Morrison later taught in Minneapolis, Duluth, Dayton, Ohio, Cornell University in Ithaca, Penn State and New York City, before accepting an assistant professorship at the prestigious Rhode Island School of Design in 1963. Here, he and his artist wife, Hazel Belvo, discovered Provincetown, Cape Cod where he again was impressed by the sea and the horizon line. He also began to scavenge driftwood, a material integral to his late 1960s and 1970s work. One of the show’s most seductive works, due to its simplicity, is Art As Illusion, 1967, a small rectangle of driftwood demarcated by an implied horizon line. Such modest works are incubators for his forthcoming monumental wood collages like New England Landscape II, 1976, and his soaring square wood Red Totem I, 1977, with its satin-like surface.
In 1970 Morrison returned to Minneapolis to teach Art and American Indian Studies at the University of Minnesota until he retired in 1983. He lived in a renovated church in Saint Paul with Belvo and son Briand. In the mid- 1970s, they acquired land near Grand Portage on Lake Superior, which they named Red Rock for the local jasper. Red Rock would soon become both a home and studio, and it was where George spent much of his time after retiring.
It is widely known that Morrison did not self-identify as an Indian artist saying, rather, “I am an artist who happens to be Indian.” As Kay Walking Stick writes in the exhibit’s award-winning catalogue, “Morrison did not play the ‘Indian card’…George was an Abstract Expressionist.” Thus, Modern Spirit raises critical cultural questions about racial and artistic identity – how one artist, who happens to be Indian, forged a meaningful path in the very white mid-20th century art world.
Morrison may be less recognized than some of his former New York colleagues, but his work is never derivative and, as Modern Spirit substantiates, his practice often illuminates our received knowledge of these other artists. Moreover, his oeuvre reflects a unique and flexible vision within the broad boundaries of Abstract Expressionism
Morrison’s last major exhibition was the MMAA’s Standing in the Northern Lights: George Morrison, A Retrospective in 1990 at the Landmark Center. Standing In the Northern Lights, or Wah Wah Teh Go Nay Ga Bo, was Morrison’s Indian name. An exhibition of his small but powerful horizon paintings, Morrison’s Horizon, opened late in 1998 at The Minneapolis Institute of Art.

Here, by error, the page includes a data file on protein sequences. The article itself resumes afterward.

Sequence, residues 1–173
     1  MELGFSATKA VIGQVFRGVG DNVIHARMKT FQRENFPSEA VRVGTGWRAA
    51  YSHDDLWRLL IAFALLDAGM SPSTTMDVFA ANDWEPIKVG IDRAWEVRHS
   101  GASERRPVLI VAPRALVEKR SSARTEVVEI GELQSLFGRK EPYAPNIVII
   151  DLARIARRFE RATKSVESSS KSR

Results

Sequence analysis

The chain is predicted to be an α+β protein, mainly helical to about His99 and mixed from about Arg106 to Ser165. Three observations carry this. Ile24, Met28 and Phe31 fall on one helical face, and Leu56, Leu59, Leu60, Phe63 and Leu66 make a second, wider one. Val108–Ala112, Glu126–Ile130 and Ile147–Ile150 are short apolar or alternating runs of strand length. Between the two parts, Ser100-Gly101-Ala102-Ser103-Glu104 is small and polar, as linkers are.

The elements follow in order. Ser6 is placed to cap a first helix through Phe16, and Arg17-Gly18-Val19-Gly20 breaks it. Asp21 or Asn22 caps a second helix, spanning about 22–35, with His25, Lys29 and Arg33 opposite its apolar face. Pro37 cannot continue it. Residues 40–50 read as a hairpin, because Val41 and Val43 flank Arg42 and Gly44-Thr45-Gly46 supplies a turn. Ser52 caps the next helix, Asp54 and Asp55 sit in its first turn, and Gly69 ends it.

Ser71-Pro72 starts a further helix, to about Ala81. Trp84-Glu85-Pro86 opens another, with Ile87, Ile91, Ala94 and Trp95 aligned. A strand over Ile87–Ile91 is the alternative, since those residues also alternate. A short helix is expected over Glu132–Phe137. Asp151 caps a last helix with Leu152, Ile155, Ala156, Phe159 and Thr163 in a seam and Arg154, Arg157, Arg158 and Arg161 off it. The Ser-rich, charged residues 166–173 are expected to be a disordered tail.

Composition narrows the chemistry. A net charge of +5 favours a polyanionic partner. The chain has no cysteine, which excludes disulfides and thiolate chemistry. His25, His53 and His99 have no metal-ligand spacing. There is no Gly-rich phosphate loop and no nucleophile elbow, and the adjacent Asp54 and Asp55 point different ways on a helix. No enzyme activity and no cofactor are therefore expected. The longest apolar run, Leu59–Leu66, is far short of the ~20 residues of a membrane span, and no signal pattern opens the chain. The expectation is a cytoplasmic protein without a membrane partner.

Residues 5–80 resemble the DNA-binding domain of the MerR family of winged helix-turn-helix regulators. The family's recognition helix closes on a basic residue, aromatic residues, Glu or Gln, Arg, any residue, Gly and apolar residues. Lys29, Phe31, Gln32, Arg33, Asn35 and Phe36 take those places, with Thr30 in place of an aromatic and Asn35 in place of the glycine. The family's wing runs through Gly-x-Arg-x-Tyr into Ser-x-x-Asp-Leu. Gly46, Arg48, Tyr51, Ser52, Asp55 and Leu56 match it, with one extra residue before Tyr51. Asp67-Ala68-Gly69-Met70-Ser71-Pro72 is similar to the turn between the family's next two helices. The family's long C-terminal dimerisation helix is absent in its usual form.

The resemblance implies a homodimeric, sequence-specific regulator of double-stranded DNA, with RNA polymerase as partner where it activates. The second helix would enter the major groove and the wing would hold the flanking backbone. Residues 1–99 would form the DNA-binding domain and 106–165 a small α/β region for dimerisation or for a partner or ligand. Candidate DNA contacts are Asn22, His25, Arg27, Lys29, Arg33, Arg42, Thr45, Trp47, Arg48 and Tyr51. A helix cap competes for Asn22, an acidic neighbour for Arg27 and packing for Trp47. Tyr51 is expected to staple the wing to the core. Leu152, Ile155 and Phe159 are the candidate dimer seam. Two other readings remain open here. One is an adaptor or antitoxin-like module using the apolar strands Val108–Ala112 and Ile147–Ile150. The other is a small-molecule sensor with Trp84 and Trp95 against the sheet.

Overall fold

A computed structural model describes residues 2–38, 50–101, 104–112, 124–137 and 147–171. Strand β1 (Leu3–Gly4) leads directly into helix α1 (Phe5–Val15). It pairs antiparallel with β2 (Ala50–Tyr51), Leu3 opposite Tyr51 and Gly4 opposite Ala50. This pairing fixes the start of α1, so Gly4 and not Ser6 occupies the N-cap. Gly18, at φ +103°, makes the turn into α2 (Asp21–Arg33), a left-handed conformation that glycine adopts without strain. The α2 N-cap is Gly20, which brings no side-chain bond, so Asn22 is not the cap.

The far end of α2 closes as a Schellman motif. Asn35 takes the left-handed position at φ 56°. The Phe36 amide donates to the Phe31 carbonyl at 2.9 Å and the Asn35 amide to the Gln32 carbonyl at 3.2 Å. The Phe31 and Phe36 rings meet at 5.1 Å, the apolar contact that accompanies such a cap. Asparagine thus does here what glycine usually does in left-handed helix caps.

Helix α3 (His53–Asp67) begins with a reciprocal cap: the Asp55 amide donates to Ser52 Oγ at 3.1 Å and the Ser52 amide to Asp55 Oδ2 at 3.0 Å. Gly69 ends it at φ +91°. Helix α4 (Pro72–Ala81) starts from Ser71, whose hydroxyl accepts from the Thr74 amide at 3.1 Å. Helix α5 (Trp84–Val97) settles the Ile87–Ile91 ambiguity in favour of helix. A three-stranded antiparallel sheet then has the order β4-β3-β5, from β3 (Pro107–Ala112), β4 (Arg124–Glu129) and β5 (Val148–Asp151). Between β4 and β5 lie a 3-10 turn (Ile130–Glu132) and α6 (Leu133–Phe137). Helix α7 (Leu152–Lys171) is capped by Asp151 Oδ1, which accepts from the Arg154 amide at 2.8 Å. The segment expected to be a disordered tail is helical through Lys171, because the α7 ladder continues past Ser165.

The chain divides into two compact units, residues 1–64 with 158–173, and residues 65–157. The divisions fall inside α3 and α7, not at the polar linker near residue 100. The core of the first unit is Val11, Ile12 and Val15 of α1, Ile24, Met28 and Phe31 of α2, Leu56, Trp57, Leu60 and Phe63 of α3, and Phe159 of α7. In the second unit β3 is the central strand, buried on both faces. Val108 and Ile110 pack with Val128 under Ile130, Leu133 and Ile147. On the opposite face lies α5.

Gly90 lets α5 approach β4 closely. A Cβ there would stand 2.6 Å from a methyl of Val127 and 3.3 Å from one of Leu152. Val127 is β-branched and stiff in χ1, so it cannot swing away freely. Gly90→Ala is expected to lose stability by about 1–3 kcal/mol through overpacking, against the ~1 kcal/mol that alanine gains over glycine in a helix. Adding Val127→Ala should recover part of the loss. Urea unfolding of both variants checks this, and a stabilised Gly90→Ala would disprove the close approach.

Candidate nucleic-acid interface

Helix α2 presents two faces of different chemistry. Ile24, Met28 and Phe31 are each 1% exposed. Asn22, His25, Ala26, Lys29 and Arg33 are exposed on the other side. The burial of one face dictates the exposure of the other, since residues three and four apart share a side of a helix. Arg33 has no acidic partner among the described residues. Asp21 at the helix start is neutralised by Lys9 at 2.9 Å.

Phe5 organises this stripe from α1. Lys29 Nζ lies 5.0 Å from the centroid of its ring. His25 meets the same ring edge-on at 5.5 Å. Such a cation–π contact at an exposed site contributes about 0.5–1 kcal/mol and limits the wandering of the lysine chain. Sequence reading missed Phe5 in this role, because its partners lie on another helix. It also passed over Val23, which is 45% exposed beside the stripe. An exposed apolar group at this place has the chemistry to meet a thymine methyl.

I first met George in the late 1970s, and we became friends and colleagues after I reviewed his Northern Lights show for New York’s Arts Magazine. We went to museum shows and Pow Wows, attended lectures followed by dinner, where we debated the vagaries of the art world and Minnesota winters. I initially saw Modern Spirit at the Plains. Seeing it again was thrilling, like bumping into a dear friend after too much time apart.
To see Modern Spirit only once would be regrettable. Like a good book, it begs for more than a single reading to understand its narrative mysteries, it visual daringness, and its inspired intricacies. To miss the exhibition entirely would be tragic. Why? Because Modern Spirit is not only achingly beautiful, but it is also a scholarly gateway to understanding the eye and hand of a remarkable 20th century modernist artist, one who happened to be Minnesotan and happened to be Ojibwe. It will not happen again any time soon.
“I believe in going back to the magic of the earth and the lake, the sky and the universe. That kind of magic,” Morrison said in the decade before his death. “I believe in that kind of religion. A religion of the rocks, the lake, the water, the sky. Yes. That’s what I believe in.”
Modern Spirit: The Art of George Morrison is on view at the Minnesota History Center through April 24th.